I once heard a colleague describe the job of being a safeguarding lead as akin to repeatedly smashing your head into a brick wall. Sadly, I think the job can often be even worse than that; it can feel more like watching helplessly while vulnerable children repeatedly have their heads smashed against brick walls.
Being a senior designated person is not a role that many teachers aspire to. Working closely with the most vulnerable and damaged children in the school, their families and the myriad agencies that frequently cannot do anything to improve these children’s lives is rarely a job you choose. Instead, it is something you drift into, by way of a pastoral role such as head of year or being a Sendco.
This is a role that will keep you awake at night; drive you to tears; affect your home life.
And yet it is also one of the most important and rewarding jobs you can ever do. Because of your tenacity and your care, lives will be changed.
That little boy with the bruises will suddenly come out of his shell once his mum has moved into her own place. The little girl exhibiting overtly sexualised behaviour will return after the summer like a child again, now the risk has gone. You may not be able to solve all of that family’s problems, but at least they now have access to a food bank, vouchers to buy new uniform and, because the dad is less worried about money, the children will be safer. The shocking, heartbreaking cases are more common than anyone could fathom. But there are not many other roles in a school in which the impact can be quite so huge and so immediate.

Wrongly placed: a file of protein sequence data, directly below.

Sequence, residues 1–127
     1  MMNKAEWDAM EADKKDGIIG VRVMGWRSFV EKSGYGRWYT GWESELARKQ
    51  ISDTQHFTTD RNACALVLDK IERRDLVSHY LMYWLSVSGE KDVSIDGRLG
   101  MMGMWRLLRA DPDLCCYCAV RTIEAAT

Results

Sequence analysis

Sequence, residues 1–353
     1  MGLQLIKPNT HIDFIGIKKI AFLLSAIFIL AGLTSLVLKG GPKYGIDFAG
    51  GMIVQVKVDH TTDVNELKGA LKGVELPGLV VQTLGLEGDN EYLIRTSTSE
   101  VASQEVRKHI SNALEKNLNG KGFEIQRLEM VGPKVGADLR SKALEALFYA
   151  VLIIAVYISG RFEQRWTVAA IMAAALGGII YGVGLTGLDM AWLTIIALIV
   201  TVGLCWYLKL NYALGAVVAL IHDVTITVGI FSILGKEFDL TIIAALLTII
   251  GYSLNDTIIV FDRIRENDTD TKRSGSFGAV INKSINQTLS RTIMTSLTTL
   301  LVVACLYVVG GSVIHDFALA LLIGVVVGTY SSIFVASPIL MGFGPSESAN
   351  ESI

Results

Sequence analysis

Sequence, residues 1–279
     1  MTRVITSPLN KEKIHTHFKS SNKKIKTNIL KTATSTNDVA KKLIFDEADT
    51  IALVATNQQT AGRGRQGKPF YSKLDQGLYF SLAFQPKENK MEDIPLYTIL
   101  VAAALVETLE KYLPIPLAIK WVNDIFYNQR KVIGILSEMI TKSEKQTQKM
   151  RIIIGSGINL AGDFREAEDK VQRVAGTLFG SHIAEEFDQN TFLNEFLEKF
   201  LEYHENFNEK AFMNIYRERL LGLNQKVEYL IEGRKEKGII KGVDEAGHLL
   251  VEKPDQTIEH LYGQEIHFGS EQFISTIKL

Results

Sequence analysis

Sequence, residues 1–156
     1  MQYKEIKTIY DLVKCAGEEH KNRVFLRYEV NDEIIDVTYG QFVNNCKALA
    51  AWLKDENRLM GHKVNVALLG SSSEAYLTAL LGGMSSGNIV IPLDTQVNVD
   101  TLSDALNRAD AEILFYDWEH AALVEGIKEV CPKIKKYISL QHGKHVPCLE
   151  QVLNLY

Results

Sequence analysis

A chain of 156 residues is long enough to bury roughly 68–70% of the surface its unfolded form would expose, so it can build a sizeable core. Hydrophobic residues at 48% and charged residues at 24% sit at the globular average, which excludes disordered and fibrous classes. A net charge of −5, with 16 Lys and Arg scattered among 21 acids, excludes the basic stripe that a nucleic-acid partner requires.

It’s true that the frustrations can be enormous. External agencies are stretched beyond capacity and starved of funding, and thresholds seem to rise weekly. Meanwhile, school funding has reached the point where what you can do yourself is reducing all the time.
Sadly, your colleagues may not seem to care or understand why vulnerable children often behave as they do, and may simply want the problem to go away. You, on the other hand, know it is not that simple.
When you retire, though, and reflect on everything you have done in your professional life, you will know that, as well as teaching thousands of children to read and to obtain qualifications that enabled them to move on to distinguished careers, you also saved some lives and prevented some children from being beaten or starved or raped. You may have prevented others from going to prison and from perpetuating cycles of abuse – and that really is a lasting legacy.
Keziah Featherstone is co-founder and national leader for #WomenEd. She is a member of the Headteachers’ Roundtable and an experienced school leader. She tweets at @keziah70